Indiana's attorney general is suing a Indianapolis-based college test-preparation company, alleging it engaged in "unfair and abusive practices" when selling study materials for college equivalency exams.
Attorney General Greg Zoeller's complaint alleges The College Network made personal loans for customers at high interest rates with payments beginning immediately, but that relatively few people actually complete its program and earn a college degree.
Indiana's lawsuit follows a similar suit filed by New York's attorney general earlier this month that alleges up to 2,000 New Yorkers were duped by The College Network. The suit also named owner and CEO Gary Eyler.
Indiana has received 492 written complaints against the Indianapolis-based company since 2011, The Indianapolis Star reported.
The state's lawsuit says The College Network isn't a school, but tries to give customers that impression. Zoeller alleges the company does not make it clear that students still must "apply, be admitted, take classes, and graduate from an actual college or university to obtain a degree."
Indiana is seeking the cancellation of the company's "unlawful contracts," restitution for customers and civil penalties of up to $5,000 per violation.
The lawsuit cites numerous alleged violations in the contract used by the company to extend credit to customers.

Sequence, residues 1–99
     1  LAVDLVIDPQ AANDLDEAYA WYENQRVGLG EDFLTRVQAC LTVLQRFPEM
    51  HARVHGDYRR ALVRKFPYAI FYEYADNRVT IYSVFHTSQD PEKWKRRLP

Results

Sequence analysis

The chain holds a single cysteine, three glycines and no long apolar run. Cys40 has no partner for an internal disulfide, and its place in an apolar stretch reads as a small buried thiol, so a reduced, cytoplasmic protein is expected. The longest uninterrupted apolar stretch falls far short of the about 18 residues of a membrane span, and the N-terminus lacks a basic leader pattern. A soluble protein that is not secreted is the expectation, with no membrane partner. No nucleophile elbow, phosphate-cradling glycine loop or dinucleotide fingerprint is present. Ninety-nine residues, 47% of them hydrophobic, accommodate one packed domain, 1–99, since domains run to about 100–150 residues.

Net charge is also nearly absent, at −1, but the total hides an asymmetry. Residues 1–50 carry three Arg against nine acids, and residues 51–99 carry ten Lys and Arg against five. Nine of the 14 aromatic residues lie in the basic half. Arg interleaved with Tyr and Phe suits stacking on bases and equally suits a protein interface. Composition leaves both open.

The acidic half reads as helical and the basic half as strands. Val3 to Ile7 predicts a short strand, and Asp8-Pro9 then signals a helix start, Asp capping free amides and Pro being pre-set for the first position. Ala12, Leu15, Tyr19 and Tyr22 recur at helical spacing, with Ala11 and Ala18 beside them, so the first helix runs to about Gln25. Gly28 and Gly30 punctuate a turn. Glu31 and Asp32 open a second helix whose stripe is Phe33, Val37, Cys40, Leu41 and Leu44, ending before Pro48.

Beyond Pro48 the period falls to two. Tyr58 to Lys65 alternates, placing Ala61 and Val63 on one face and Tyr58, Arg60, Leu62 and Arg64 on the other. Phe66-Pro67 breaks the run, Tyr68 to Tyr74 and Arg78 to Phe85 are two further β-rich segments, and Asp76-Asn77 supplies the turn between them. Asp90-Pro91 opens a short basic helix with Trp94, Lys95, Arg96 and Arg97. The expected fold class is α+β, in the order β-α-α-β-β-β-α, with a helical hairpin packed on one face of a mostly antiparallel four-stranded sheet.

"This deceit is unconscionable, and has left hundreds of Hoosiers in debt with nothing to show for it," Zoeller said in a written statement.
The College Network's headquarters is at 3815 River Crossing Parkway on the city's north side. The company was founded by Eyler in 1995.
The College Network said in a statement that it "will vigorously defend against what it considers to be unfair piling on with repetitive allegations which have no merit."
"We are proud of our legacy. For more than 20 years, we have helped over 200,000 people pursue their educational goals," the company said.
The company also has denied the allegations in New York's lawsuit.
New York's complaint also names a collection agency owned by Eyler and a credit union that provided personal loans to the company's customers.
Eyler is no stranger to legal troubles with the government. In the late 1980s, he and his former company, Carmel-based truck-driving school Continental Training Services Inc., were sued by the federal government for civil fraud. Continental operated Superior Training Services, the largest-truck driving school in the country at the time.